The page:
For a single folder

#tar  -cvzf  mycompressedfile.tar.gz  folder1

For multiple folders

#tar  -cvzf  mycompressedfile.tar.gz  folder1   folder2   folder3

Transferring Files to New Server

To transfer your files to the new server use SFTP and doing that from server to server is much faster than downloading the files to your local machine and uploading from there.

For sftp always remember to check the user you are currently logged in with e.g. if you are logged in with user  “user123” and you have to sftp the server with “user456” then it should be a known fact.

To check which user you are currently logged in with you can use:

#whoami

To SFTP the new server where you have to transfer the data; you would require either the IP or hostname. If for example the hostname of the server “example.com” and IP is “10.10.1.114”

Then you would use for hostname:

#sftp user456@example.com

If asked for to permanently add the RSA key to known clients list then select “yes” if that will be used time and again and if you are using it for the last time then select “no” for that.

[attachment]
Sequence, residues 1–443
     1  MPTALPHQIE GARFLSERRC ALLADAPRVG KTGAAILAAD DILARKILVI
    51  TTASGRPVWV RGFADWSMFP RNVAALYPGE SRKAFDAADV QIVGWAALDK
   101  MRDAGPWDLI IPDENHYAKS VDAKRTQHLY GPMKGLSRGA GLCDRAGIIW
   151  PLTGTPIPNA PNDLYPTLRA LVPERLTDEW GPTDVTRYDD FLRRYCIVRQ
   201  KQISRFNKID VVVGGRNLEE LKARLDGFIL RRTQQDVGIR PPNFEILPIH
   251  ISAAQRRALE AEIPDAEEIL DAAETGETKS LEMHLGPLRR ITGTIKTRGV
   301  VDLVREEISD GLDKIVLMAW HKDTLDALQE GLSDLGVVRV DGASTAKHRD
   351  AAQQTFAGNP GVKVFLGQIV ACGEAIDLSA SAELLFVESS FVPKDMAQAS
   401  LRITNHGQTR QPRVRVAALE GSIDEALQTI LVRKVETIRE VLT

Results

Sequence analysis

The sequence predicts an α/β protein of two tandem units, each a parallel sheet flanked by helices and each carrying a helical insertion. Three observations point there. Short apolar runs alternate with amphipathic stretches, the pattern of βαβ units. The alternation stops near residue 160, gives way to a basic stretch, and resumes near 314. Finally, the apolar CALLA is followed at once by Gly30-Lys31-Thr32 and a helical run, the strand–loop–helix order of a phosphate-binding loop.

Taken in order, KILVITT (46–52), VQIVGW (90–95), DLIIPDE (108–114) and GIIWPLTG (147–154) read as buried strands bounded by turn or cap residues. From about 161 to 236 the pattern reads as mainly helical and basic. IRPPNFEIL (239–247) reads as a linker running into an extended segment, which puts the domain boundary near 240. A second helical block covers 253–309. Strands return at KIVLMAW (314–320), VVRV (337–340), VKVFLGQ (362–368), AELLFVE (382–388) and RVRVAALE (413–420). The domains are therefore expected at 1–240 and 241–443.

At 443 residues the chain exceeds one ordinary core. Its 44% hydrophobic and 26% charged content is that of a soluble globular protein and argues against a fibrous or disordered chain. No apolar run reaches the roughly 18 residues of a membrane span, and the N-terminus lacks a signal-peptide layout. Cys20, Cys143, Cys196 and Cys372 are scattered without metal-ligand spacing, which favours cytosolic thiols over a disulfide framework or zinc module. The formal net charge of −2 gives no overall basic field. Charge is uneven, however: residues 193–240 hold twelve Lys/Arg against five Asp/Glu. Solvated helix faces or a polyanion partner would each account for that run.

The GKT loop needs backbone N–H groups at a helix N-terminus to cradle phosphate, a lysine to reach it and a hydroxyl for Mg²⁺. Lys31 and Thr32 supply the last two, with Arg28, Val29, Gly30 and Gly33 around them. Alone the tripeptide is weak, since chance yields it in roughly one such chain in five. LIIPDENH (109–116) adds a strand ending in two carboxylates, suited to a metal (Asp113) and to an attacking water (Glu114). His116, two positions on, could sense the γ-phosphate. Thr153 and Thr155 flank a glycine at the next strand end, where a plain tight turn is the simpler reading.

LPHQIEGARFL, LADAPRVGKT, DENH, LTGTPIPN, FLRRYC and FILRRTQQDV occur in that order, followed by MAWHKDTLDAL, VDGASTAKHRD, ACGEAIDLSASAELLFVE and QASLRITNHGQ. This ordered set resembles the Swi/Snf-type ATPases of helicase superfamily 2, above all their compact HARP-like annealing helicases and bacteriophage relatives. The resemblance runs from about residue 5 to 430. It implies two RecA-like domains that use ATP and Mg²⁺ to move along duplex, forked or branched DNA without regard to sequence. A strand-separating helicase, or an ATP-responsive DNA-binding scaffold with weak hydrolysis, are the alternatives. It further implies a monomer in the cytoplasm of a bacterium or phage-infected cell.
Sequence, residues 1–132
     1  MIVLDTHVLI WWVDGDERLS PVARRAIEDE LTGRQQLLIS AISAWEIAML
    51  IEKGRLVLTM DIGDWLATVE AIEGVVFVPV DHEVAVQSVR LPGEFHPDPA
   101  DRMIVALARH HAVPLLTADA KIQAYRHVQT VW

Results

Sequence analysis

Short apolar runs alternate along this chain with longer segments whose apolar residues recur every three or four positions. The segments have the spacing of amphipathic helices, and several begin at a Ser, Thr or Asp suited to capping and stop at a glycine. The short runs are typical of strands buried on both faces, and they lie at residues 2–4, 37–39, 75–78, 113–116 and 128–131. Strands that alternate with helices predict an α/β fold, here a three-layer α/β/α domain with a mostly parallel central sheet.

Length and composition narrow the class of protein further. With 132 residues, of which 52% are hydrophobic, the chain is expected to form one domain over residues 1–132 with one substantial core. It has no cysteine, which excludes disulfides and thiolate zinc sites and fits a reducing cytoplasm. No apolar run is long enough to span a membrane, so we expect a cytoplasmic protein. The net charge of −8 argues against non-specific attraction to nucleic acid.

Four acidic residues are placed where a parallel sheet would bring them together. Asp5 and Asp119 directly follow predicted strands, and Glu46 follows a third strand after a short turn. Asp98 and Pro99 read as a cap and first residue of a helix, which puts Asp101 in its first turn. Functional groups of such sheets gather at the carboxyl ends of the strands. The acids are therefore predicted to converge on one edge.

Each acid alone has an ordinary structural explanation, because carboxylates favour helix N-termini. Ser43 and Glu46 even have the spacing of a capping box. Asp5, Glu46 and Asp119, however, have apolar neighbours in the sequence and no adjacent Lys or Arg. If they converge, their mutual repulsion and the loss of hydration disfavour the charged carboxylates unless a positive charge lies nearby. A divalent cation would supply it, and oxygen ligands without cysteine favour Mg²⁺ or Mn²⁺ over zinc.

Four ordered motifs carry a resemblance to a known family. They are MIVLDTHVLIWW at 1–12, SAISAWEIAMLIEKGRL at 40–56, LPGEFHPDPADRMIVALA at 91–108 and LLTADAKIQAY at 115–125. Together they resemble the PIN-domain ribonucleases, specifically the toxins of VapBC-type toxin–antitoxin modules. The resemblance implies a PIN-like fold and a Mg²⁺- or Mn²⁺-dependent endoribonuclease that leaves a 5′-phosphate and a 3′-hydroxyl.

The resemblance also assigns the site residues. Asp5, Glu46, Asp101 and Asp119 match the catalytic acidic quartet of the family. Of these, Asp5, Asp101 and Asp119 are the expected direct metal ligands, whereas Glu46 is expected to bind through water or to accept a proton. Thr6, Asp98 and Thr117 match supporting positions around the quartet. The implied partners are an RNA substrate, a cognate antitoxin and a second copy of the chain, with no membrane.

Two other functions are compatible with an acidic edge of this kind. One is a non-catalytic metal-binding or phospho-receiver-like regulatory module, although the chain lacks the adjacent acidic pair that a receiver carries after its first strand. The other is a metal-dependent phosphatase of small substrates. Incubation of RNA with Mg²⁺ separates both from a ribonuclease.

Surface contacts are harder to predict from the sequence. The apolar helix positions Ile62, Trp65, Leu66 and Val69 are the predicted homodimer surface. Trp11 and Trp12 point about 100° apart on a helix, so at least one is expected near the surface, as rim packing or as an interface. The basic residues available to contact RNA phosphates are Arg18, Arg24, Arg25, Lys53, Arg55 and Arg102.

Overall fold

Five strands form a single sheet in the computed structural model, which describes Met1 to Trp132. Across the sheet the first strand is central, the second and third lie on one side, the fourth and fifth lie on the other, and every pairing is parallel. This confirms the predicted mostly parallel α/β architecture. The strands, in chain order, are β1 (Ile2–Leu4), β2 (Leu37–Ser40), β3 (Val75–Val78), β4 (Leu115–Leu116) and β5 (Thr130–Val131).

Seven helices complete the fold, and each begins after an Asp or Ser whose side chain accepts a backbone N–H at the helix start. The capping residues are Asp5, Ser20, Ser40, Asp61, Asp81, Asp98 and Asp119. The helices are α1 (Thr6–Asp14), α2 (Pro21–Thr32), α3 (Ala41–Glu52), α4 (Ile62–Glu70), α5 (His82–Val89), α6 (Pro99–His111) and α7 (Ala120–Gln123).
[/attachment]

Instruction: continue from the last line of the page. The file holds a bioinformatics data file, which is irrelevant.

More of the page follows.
When prompted for password; provide password that you have access to.

Similarly for IP:

Then you would use for hostname:

#sftp user456@10.10.1.114

Now you shall be logged in.

If you have to check which directory you are on the remote server (new server) try the following:

sftp> pwd

It shall give you the current directory you are logged in on remote server. For example the directory you are in on remote server is

/user456/downloads

Now when you upload files from local server (old server) you will find those files in /user456/downloads on remote machine.

Now to check the local working directory one shall use:

sftp> lpwd

Now if you for example saw that the local working directory is /user123/downloads; but your file is in directory /root/downloads/mycompressedfile.tar.gz and /root/downloads/mysqlbackup.sql